Date: April 2015

Originally Published: NY Daily News

As we watched the horrific scene of Walter Scott’s murder on our City Hall computer screens, we were once again stunned by the very worst of our country’s public safety system and the fractured relationship between police and communities of color.

Had a bystander not been there to film Saturday’s shooting, we may have never known the truth behind Walter Scott’s death. It is a tragic truth that even clear video may not result in justice, but the incident clearly indicates that police interactions must have video surveillance.

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When implemented properly, body cameras are neutral observers and can protect citizens and officers alike. They have been recommended by a White House task force on community-police relations, and should be worn by every officer in New York City.

Where New York goes, the country follows. So, it’s on our shoulders to spearhead public safety reform by implementing body cameras on every man and woman in blue.

In September, our city launched a pilot program that deployed 60 cameras in five high-crime precincts, one in each borough. Today we challenge the city to go further.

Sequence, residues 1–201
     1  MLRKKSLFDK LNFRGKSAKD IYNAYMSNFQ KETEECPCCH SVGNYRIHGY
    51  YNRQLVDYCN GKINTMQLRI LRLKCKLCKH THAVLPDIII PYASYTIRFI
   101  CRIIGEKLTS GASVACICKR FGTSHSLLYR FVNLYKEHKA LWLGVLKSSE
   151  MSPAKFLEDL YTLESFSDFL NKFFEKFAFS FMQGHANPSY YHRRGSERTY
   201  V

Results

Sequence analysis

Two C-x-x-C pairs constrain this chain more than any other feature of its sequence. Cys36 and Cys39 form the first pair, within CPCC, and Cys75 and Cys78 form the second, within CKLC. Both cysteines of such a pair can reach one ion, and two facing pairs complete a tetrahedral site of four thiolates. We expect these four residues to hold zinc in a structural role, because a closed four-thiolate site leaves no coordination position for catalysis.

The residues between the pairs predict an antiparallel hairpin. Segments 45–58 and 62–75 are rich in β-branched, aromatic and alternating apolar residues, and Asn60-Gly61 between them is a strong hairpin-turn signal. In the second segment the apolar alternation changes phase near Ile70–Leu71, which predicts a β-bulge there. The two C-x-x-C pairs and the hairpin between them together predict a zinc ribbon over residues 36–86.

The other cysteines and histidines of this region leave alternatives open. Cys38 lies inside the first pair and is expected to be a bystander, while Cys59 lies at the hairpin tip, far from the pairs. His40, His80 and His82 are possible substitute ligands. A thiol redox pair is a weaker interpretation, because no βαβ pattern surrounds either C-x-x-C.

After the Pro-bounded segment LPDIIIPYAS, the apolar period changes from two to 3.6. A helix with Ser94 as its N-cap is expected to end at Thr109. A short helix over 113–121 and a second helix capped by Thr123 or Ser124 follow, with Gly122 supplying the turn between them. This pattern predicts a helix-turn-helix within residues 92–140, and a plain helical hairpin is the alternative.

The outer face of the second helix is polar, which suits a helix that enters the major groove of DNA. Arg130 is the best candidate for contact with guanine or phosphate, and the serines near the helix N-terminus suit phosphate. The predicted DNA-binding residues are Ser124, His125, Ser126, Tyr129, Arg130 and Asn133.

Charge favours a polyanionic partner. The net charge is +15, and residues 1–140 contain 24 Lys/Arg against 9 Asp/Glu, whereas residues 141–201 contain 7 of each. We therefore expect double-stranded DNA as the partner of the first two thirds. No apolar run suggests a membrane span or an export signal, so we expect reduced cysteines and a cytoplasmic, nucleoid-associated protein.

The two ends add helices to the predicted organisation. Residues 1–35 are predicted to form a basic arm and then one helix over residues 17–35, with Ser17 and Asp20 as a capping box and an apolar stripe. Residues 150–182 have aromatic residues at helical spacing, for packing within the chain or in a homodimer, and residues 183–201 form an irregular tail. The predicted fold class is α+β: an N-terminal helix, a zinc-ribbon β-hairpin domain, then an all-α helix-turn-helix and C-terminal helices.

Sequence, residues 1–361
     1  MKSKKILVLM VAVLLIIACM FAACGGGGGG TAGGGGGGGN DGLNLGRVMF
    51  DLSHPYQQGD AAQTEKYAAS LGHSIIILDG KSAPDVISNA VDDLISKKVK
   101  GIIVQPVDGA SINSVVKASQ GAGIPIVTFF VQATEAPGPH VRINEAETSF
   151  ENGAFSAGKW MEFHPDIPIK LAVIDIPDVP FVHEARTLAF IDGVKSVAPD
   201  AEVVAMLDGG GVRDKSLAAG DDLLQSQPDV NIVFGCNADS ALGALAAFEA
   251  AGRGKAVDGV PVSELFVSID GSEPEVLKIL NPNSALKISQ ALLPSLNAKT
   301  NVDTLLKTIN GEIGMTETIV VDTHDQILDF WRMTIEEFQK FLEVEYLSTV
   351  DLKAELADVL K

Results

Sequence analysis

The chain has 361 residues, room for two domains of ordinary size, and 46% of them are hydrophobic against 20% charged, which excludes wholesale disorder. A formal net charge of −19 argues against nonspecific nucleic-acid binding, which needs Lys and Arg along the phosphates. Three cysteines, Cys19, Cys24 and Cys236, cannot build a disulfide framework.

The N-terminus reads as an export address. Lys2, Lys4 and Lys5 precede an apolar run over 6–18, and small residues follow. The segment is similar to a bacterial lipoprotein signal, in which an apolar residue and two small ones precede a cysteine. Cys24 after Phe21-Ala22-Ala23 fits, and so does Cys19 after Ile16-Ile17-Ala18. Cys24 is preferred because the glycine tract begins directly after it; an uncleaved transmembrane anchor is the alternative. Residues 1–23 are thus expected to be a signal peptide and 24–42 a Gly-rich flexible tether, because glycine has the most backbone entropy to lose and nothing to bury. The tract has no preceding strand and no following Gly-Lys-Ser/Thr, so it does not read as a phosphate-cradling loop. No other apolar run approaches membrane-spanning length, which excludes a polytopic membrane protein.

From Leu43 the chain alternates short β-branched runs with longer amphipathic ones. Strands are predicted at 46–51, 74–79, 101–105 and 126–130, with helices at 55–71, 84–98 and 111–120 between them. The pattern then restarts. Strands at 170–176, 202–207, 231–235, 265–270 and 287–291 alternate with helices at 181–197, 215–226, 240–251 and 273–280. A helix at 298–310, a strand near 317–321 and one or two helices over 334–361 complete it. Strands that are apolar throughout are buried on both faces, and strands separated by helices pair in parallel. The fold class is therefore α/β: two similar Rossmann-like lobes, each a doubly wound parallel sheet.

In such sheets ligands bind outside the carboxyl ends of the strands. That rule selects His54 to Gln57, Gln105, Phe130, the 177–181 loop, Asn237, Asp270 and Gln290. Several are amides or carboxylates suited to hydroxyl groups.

The Council will soon hold a comprehensive hearing on police reform, bringing discussions that have been happening in the street into the chamber. We will also deliberate body camera legislation that would create a task force to evaluate the long-term implementation of body cameras and we will push for the program’s continued expansion. Cameras will not solve the problem, but it’s a step we can take right now and will go a long way to begin rebuilding trust.

Vanessa L. Gibson is the chairwoman of the Council’s Committee on Public Safety and Jumaane D. Williams is the co-chairman of the Council’s Taskforce to Combat Gun Violence.